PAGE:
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Suspects Plead Not Guilty to Medicaid Drug-Resale Scam

Twenty-five people pleaded not guilty in Manhattan federal court to taking part in a scam involving the resale of hundreds of millions of dollars in government-subsidized prescription drugs.

The defendants arraigned today were targeted by an investigation spanning at least 10 states and leading to charges against at least 48 people. U.S. District Judge Denise L. Cote in Manhattan set a trial for Sept. 16, 2013, saying not all the defendants will be tried at once. Eighteen of those arraigned today were released on bond.

An indictment unsealed July 17 charged 42 people with obtaining free or low-cost drugs to treat HIV, schizophrenia and asthma through Medicaid, or buying them from Medicaid beneficiaries, and re-selling them. Six more people were charged in a separate criminal complaint. Medicaid is the federal-state program to help cover the health-care costs of people with low incomes.

Assistant U.S. Attorney Jason A. Masimore said today the U.S. obtained evidence to back its charges from wiretaps, telephone and bank records, and cooperating witnesses.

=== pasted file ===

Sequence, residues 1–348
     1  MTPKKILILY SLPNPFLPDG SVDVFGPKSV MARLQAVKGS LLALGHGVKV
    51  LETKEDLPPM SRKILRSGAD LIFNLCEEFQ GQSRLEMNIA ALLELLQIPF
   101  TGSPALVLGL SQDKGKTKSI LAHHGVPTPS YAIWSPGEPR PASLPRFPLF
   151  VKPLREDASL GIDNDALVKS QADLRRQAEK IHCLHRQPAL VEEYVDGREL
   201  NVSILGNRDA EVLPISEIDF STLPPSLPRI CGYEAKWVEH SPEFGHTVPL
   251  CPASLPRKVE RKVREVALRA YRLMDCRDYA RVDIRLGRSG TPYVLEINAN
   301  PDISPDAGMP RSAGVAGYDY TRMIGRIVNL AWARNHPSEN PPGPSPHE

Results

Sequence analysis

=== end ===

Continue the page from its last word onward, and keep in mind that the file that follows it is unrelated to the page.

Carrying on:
The suspects peeled the individual pharmacy labels off the drug containers, sometimes using lighter fluid to dissolve the adhesive, the U.S. alleged. They would then put counterfeit labels on the bottles, according to the indictment.

Relabeled Drugs

Once the drugs were relabeled, the defendants could sell them to wholesalers or pharmacies, who in turn resold them to consumers, the government said. In many cases, the second-hand pills had already expired, according to the indictment.

To reap maximum profits, the scheme targeted the most expensive drugs, including HIV medications such as Atripla, which costs $1,635 a bottle, and Trizivir, which costs $1,347 a bottle.

Most of the defendants today were released under pre-existing bond agreements, usually for about $50,000. Some were also required to supply two co-signers and accept restrictions on their travel. Seven remained in custody, either because they can’t meet bond requirements or because the government has opposed their release.

The case is U.S. v. Viera, 11-CR-1072, U.S. District Court, Southern District of New York (Manhattan).

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